Stanford University researchers have proposed DERL (Deep Evolutionary Reinforcement Learning), a novel computational framework that enables AI agents to evolve morphologies and learn challenging locomotion and manipulation tasks in complex environments using only low level egocentric sensory information. The team says DERL is the first demonstration of the Darwinian Baldwin Effect realized via morphological learning.
In 1953, US paleontologist George Gaylord Simpson coined the term “Baldwin Effect”in reference to the American philosopher and psychologist J.M. Baldwin’s 1896 paper A New Factor in Evolution. In evolutionary biology, the Baldwin effect proposes that behaviours initially learned over a lifetime in early generations of an evolutionary process will gradually become instinctual and potentially even genetically transmitted to later generations.
Previous studies on learning and evolutionary processes in complex environments with a diversity of morphological forms have identified many aspects of animal intelligence that are embodied in these evolved morphologies. Until now, however, no studies have demonstrated the Baldwin effect in morphological evolution either in vivo (living organisms) or in silico (computer modelling or simulations).
Fei-Fei Li, Stanford computer science professor and co-director of Stanford’s Human-Centered AI Institute (HAI), co-authored the paper Embodied Intelligence via Learning and Evolution. “Really excited by this joint work with [Agrim Gupta, Silvio Savarese and Surya Ganguli] – meet DERL (Deep Evolutionary RL) & 1st demonstration of a Darwinian Baldwin Effect via morphological learning, an essential trick of Nature for animal evolution, now shown in our AI agents,” Li tweeted on the paper’s release.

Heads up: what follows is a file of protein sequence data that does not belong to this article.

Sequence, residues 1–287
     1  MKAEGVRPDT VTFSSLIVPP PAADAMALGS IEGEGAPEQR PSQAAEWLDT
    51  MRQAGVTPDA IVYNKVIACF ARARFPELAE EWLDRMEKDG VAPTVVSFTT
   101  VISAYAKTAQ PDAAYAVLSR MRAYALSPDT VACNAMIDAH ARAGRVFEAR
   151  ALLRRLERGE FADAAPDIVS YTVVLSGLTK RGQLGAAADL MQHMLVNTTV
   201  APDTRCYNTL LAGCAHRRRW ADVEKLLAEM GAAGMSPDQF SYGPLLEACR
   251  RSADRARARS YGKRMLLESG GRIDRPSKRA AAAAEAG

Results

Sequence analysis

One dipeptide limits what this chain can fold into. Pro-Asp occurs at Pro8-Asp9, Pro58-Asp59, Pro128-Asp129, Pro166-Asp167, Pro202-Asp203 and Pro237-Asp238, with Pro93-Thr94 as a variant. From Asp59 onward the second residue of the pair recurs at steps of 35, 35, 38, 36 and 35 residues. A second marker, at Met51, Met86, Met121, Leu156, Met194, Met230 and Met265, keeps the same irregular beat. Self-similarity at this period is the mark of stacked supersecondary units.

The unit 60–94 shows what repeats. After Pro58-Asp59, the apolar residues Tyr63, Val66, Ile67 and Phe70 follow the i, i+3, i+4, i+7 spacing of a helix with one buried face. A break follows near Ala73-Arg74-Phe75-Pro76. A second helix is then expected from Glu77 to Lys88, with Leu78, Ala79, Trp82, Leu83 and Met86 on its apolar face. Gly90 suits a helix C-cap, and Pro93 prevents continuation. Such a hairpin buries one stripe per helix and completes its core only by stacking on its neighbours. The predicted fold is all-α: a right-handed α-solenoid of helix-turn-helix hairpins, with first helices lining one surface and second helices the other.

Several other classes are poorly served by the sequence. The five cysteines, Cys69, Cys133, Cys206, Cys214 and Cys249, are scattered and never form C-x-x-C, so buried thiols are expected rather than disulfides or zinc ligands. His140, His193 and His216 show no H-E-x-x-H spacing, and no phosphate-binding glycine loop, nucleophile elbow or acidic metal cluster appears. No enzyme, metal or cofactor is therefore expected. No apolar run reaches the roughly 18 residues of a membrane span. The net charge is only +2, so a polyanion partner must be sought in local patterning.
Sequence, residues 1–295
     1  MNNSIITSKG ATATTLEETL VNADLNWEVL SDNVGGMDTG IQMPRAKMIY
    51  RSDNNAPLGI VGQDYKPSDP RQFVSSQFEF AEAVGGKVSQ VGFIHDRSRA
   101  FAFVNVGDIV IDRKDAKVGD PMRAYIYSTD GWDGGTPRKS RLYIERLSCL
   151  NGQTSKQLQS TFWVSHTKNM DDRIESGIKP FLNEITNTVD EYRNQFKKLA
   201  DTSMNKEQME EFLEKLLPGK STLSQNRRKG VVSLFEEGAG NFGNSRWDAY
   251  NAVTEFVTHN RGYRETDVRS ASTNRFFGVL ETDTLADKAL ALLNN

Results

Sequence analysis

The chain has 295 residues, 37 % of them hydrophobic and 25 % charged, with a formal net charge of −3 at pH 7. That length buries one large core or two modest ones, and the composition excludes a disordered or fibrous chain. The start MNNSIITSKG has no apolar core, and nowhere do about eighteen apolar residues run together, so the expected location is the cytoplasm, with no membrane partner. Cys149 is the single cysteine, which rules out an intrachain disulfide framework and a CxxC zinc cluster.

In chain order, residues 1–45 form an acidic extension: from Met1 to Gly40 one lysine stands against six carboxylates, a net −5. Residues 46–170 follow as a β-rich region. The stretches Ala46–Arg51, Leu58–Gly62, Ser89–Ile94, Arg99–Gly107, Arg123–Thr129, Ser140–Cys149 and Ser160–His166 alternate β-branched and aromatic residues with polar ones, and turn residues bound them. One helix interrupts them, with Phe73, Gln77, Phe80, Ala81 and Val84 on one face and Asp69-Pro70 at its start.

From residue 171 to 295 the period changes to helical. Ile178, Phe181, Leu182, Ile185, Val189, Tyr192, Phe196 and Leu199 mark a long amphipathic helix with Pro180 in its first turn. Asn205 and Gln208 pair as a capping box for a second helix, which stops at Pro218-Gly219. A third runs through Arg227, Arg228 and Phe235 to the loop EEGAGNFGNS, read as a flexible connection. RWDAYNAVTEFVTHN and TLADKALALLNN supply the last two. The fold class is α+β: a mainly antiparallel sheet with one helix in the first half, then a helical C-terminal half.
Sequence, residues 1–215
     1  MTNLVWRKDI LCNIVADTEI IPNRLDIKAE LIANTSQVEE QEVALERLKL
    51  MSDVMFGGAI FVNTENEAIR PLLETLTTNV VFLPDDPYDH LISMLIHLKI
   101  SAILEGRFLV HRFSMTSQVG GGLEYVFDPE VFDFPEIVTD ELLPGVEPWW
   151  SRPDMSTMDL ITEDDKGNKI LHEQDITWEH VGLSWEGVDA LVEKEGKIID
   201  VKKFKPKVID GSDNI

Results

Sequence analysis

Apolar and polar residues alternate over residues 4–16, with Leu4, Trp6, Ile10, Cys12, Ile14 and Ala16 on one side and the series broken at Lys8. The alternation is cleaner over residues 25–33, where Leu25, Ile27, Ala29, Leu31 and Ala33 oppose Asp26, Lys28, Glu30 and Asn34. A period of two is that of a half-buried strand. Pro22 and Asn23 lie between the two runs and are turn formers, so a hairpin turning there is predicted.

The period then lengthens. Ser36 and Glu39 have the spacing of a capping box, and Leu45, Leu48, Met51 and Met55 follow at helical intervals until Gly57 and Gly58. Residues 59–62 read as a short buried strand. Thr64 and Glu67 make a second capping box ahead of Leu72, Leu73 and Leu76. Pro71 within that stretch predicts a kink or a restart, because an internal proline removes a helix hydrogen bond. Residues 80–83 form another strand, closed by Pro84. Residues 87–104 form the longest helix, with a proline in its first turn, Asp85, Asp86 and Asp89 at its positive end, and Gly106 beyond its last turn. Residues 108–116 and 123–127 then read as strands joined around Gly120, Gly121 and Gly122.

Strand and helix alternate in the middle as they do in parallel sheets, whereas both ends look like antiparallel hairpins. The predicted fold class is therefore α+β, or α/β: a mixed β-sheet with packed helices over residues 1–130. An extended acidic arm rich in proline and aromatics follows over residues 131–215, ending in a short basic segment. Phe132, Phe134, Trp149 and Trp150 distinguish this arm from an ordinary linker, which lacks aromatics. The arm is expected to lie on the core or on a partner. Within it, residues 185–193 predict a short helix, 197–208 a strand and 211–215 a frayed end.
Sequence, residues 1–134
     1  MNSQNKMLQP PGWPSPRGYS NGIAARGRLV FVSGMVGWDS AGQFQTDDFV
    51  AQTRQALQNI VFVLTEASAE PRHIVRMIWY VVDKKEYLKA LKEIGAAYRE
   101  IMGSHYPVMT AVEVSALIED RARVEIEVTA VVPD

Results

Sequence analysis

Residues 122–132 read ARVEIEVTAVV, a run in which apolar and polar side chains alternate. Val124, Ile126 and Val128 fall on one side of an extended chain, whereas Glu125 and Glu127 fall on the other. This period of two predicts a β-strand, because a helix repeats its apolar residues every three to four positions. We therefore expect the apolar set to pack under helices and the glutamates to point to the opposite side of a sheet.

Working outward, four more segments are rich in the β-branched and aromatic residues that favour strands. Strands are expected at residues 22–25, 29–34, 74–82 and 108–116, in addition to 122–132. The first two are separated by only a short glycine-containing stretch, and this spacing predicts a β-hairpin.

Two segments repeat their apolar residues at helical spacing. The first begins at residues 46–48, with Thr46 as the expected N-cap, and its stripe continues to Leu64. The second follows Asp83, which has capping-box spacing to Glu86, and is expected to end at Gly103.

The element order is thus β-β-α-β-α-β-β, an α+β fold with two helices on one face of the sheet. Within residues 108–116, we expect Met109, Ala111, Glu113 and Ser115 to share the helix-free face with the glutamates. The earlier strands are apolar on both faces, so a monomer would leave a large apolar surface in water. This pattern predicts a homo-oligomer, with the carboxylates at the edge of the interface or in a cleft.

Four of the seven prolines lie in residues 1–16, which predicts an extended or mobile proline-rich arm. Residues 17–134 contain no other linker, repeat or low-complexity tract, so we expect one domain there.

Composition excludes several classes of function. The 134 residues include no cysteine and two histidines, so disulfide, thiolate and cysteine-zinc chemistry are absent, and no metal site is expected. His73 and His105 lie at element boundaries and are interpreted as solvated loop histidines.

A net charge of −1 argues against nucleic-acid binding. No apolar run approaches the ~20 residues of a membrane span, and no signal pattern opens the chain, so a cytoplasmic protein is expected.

The researchers identify the combinatorially large number of possible morphologies and the computational time required to evaluate fitness through lifetime learning as the major challenges they faced in creating their AI embodied agents.
Unlike previous work that focused on identifying evolved agents in limited morphological search spaces or finding optimal parameters based on a fixed hand-designed morphology, DERL is a computational framework that enables researchers to simultaneously scale the creation of embodied agents across three types of complexity: environmental, morphological, and control. The team built UNIMAL (UNIversal aniMAL), a design space that enables highly expressive and useful controllable morphologies in agents, and analyzed the resulting embodied agents in three environments: hills, steps and rubble.
The team says DERL demonstrates several relations between environmental complexity, morphological intelligence and the learnability of control:
- Environmental complexity fosters the evolution of morphological intelligence as quantified by the ability of a morphology to facilitate the learning of novel tasks
- Evolution rapidly selects morphologies that learn faster, thereby enabling behaviours learned late in the lifetime of early ancestors to be expressed early in the lifetime of their descendants.
- Experiments suggest a mechanistic basis for both the Baldwin effect and the emergence of morphological intelligence through the evolution of morphologies that are more physically stable and energy efficient, and can facilitate learning and control.
The team hopes DERL’s large-scale simulations can encourage further scientific explorations on learning and evolution that could lead to rapidly learnable intelligent behaviours in RL agents.
The paper Embodied Intelligence via Learning and Evolution is available on arXiv.
Reporter: Fangyu Cai | Editor: Michael Sarazen
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